Bridget Harvey is a PhD student at CCW and member of Textiles Environment Design (TED) and Textile Futures Research Centre (TFRC). She is a practitioner outside of her PhD, here she tells us about her participation in the TEXTILE TOOLBOX online exhibition, an online exhibtion launching on the 13 November 2014. It is a showcase of ten propositional design concepts inspired by Mistra research into the sustainability of the fashion and textile industry.
- Tell us about the work you are including in Textile Toolbox: A Jumper to Lend, A Jumper to Mend, by Bridget Harvey – why did you chose this work?
I was invited to make a piece responding to the idea of a clothing library – a place where people can borrow clothes, as one would borrow books. I thought about this in terms of practicality and aesthetics to start with. Repair is a form of customisation so alongside the repaired jumper I felt there should be a kit containing the materials needed to mend your own clothes in keeping with your own style. Along with this I developed a conceptual tool kit, which ‘mends’ the material of the jumper. Wool is highly processed before we use it and I am interested in the process needed to repair it to its original material form. These tool kits offer different things – one is an aid to DIY and wardrobe maintenance, and the other is information about material origins. The jumper posits repair as an aesthetic choice, and embeds the action of repair as a slogan or logo within itself.
- Where do you do most of your work/research?
Where I work depends on my day. I have access to hot-desking spaces at both Chelsea and Camberwell (where my supervisors are based) but if I am not in college I work from my studio in east London. I use all the university libraries as they have different collections but for working in I find the quiet room at LCF best. My studio is my favourite workspace though as I have 2 desks there, one ‘clean’, for writing and reading, and one ‘messy’, for making. I find that going between writing and making as I need to is my most fluid and productive way of working.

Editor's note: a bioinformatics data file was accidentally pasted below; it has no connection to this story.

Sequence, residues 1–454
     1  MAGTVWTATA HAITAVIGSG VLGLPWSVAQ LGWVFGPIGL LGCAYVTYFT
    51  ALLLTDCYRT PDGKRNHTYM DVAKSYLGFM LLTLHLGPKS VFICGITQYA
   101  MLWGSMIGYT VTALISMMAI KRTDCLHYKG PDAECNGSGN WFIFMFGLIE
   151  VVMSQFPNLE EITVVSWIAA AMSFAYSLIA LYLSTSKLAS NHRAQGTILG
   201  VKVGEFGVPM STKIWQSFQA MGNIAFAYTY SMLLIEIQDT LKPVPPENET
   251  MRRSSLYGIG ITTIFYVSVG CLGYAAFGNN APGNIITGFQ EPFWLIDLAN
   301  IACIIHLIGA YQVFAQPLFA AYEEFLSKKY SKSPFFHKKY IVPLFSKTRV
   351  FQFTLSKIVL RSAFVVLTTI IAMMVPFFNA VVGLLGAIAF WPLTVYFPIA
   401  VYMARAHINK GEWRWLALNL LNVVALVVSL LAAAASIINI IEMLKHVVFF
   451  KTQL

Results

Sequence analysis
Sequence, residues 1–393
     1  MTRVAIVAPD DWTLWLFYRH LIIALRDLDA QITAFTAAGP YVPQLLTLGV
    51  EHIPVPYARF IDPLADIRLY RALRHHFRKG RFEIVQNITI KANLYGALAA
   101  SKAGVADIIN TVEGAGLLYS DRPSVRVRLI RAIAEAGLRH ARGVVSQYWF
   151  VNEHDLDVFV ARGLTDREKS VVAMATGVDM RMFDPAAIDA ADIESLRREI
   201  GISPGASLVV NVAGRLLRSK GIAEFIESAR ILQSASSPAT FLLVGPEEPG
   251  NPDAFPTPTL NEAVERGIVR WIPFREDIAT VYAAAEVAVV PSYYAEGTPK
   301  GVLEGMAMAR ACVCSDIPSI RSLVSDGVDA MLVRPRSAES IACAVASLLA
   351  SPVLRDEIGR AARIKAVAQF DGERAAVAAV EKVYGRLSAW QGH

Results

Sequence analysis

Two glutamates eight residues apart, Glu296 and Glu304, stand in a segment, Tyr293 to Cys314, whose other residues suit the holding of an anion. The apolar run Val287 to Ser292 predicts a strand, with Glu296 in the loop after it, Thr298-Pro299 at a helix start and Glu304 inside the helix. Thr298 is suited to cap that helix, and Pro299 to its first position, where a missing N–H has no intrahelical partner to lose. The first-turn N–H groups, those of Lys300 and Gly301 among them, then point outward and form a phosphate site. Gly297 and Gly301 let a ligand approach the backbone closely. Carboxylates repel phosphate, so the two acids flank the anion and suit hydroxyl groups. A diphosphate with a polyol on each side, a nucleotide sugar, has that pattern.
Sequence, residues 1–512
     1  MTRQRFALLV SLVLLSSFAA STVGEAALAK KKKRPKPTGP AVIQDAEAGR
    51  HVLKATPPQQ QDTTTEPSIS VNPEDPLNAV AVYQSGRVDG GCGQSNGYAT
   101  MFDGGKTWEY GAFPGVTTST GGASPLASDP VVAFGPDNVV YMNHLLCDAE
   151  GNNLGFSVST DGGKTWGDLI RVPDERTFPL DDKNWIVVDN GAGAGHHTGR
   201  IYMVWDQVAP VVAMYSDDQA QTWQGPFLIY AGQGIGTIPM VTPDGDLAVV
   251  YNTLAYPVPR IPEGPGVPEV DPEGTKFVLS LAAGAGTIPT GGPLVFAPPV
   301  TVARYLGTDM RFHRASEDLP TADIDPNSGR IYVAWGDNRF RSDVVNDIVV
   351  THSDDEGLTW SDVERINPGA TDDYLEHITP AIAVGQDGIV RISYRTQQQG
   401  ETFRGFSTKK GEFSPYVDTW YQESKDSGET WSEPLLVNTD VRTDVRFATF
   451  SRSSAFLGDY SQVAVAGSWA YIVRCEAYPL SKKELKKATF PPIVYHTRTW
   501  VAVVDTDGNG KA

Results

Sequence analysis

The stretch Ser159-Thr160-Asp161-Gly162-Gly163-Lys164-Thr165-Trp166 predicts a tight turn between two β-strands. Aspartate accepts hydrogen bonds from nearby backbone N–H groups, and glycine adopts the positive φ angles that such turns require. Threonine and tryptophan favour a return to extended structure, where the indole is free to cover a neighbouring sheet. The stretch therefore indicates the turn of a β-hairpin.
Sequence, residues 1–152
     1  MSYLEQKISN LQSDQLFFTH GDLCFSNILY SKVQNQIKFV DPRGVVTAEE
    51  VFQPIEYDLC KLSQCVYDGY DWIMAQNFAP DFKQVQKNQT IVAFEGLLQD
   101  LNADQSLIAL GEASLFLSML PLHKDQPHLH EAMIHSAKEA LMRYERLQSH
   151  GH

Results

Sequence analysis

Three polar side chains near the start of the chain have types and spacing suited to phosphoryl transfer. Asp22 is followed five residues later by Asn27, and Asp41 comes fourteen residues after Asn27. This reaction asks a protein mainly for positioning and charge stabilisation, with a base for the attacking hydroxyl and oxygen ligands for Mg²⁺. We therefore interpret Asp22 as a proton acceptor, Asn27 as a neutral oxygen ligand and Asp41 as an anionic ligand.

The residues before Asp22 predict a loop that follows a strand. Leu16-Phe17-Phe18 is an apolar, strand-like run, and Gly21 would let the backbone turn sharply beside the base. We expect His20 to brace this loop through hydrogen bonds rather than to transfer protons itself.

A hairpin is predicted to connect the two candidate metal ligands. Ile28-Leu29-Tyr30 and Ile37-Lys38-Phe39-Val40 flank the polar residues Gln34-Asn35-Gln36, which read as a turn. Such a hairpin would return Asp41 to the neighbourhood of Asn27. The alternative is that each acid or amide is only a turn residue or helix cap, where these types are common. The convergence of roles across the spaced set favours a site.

- What is it like to be part of TED and TFRC? How does it affect your work?
Being part of TED and TFRC is brilliant – I have a built in network for support and information, as well as a base to work from. Their profile means that they are involved in projects I would otherwise not have access too, and I get to meet exciting people through them. I also introduce people to the groups – their web platforms show great examples of what practice based research is.
- How do you balance your work as PhD student and practitioner?
I see my practice as holistic so I try to incorporate both into all my activities. Some areas of my practice are less directly related to my research (my commercial making for example), but still link in through my material, aesthetic and ethical choices. The balance challenge is more between time for work and time not for work! I am lucky though that I am excited by what I do, so even when I am working a long week I still generally find it enjoyable.
- Why did you choose UAL to do a PhD and how has your experience been so far?
I chose UAL as I had done my BA and MA’s there, I was familiar with the university sites and systems and felt this would make the transition to PhD easier. I knew that I would get the support I needed, be able to work with the supervisory team I wanted and that, as my proposal was in line with the university tenets, I had the greatest chance I could give myself of being awarded the scholarship I needed. UAL has a strong reputation for practice based research and the practitioners who work there are well recognised, this was also important to me as was access to the workshops, libraries and technicians.